Susannah Mandel’s short story “The Monkey and the Butterfly” is in Shimmer #11. She also has poems in the current issues of Sybil’s Garage, Goblin Fruit, and Peter Parasol.

Sara Genge’s story “Godtouched” may be found in Strange Horizons.

Read Daniel Braum’s story Mystic Tryst at Farrgo’s Wainscot #8.

Read Rudi’s story “Detail from a Painting by Hieronymus Bosch” at Behind the Wainscot.

The Janus Trick: Door #25

by Jason Fischer

Jason says: This is the first entry of an ongoing chronicle, as trusted to me by a nameless individual who has rediscovered the Janus Trick. As far as I can tell, these episodic narratives are the only record of his journeys through the Significant Doors…
Door #25
It’s the back door, the one made of chipboard with the bottom half covered in muddy puppy scratches. You reach up and twist the handle, an indoor fitting covered in paint and salvaged by Poppa. Very carefully, you step into the kitchen. Always with the right foot first. Those who use the left foot never end up where they mean to go.
Nanna only has a few grey hairs, not the silver patchy locks that you last saw her with. She’s made your favourite, scones with jam and cream. You sit at the grown-up table, now as then, even though your feet don’t touch the ground. You’re in sandals and shorts, scabby knees and a little knitted vest, but you’ve got the knowing of ages in your head, the wisdom of times yet to come.
But what good the knowing of computers, when the only ones about are the size of refrigerators? What good the understanding that two towers will fall, or what the market will do over the next twenty years or so? Some of the information is slipping, and it may be sometime till this brain grows and accepts these knowings.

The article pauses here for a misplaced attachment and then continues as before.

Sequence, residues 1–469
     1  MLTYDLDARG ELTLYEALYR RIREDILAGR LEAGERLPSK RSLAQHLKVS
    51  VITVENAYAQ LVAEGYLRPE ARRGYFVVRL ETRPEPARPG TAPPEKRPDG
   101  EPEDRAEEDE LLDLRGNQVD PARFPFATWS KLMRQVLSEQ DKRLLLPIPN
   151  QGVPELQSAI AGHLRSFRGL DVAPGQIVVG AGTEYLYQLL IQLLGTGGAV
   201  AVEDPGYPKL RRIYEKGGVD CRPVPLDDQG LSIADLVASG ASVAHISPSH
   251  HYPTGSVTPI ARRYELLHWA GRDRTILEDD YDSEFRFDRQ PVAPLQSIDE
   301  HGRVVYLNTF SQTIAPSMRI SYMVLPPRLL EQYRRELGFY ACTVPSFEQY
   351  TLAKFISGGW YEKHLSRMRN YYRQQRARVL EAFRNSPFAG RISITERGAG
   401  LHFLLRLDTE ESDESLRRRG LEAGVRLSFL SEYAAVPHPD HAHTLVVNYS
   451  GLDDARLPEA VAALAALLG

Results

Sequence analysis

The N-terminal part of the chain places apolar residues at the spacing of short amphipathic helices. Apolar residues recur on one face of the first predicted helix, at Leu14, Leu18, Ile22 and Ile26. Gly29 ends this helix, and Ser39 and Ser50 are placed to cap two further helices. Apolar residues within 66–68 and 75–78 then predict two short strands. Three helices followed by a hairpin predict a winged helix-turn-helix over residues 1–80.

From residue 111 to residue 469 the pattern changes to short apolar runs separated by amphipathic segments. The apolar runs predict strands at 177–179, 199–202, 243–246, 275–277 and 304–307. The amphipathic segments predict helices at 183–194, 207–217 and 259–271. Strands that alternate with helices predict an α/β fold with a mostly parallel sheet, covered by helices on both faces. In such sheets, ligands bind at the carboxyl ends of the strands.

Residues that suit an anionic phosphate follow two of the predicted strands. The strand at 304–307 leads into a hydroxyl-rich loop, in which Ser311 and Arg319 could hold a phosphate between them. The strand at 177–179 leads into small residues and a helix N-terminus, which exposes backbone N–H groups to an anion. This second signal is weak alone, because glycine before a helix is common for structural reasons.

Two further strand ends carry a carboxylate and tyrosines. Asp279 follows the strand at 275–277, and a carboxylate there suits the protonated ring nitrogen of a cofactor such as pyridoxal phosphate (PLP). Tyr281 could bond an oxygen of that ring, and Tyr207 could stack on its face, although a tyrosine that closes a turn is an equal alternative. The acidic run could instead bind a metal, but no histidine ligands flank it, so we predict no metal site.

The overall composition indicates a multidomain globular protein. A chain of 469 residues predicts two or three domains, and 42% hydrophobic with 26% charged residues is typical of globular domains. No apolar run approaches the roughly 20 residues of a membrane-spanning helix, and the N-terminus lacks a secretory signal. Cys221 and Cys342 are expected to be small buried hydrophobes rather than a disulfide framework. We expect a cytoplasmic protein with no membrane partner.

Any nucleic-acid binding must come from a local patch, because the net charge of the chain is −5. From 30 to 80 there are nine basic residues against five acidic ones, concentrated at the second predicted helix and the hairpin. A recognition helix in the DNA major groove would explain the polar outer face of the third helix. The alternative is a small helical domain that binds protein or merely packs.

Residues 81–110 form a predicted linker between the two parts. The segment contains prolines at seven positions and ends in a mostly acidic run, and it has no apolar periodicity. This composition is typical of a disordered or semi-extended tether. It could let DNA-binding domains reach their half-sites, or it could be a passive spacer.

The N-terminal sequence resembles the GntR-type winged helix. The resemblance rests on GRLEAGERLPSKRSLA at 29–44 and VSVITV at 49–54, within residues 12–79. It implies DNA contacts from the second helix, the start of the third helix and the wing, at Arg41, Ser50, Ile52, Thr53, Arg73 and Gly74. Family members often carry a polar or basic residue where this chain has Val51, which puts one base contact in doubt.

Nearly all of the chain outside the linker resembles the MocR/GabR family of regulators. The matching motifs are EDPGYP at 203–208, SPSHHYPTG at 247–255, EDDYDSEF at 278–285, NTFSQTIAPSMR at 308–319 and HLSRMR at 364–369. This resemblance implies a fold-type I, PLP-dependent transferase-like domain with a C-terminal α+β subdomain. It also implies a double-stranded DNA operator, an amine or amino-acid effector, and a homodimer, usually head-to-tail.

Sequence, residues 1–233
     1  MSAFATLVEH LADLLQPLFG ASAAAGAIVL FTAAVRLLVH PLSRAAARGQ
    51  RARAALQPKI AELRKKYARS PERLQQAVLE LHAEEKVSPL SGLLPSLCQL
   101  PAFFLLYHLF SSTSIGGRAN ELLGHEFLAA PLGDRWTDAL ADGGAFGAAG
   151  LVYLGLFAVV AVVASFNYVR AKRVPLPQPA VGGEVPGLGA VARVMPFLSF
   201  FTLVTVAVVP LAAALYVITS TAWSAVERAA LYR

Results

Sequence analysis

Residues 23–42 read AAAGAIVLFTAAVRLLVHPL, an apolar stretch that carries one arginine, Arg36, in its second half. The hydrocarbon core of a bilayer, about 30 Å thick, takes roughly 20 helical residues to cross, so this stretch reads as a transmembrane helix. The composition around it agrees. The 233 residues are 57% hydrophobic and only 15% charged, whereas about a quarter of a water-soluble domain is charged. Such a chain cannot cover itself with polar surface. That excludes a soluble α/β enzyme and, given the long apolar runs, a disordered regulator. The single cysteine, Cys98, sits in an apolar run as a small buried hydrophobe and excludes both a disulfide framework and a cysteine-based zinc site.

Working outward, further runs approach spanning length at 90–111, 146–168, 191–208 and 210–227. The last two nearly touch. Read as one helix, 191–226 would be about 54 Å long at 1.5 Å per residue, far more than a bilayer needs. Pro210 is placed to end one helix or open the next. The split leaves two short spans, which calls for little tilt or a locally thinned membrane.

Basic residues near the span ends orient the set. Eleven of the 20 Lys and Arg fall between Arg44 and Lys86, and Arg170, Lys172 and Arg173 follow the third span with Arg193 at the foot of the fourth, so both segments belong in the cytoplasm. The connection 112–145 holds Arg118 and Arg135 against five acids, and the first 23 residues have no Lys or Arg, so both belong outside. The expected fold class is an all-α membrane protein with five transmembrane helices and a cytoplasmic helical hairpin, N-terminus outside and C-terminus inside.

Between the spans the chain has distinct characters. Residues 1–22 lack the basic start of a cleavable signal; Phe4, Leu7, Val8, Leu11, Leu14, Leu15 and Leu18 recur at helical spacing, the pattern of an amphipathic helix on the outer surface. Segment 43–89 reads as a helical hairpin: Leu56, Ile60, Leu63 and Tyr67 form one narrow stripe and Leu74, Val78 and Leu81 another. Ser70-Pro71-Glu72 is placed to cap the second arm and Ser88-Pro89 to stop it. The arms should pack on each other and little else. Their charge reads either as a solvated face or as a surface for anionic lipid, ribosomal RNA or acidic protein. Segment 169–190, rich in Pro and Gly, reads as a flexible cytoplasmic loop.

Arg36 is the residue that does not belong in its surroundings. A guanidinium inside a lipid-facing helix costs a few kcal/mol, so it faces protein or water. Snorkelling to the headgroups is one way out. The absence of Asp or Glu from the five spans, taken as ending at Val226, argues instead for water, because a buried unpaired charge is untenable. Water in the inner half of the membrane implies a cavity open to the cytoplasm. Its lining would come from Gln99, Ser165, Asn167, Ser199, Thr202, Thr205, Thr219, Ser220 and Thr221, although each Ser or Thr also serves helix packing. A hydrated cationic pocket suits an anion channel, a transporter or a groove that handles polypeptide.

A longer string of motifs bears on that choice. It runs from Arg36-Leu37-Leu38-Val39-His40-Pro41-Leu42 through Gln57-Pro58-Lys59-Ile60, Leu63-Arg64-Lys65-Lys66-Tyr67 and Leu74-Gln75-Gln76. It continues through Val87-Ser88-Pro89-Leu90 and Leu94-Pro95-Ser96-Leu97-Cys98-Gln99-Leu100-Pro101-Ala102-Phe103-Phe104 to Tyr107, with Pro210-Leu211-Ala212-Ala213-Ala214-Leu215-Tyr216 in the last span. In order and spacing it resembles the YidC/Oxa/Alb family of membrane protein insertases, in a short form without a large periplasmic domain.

You try to tell Nanna about the Janus Trick, and she humours you. She’s got the impression you’re talking about one of your cartoons, or maybe a comic book. When you mention the imminent passing of Roscoe the fox terrier, she gets a dark look. The scones are gone, and there is nothing but banishment to bed.
You sit on the edge of the overstuffed bed for ages, watching the sliver of afternoon light creep across the high-ceilings. You’re running your hands with wonder all over the stuffed frog she sewed for you, the one wearing the bull-fighter outfit. It’s still some years before the arthritis will take away all her little enjoyments; her knitting, sewing, flute-playing.
She comes in later, and makes you say the Our Father and Hail Mary before tucking you into bed. She says “Holy Ghost” which sounded funny at the time because at school they made you say “Holy Spirit”. With the added weight of years this makes you cry a little, because Nanna was the last person you ever heard saying it that way.

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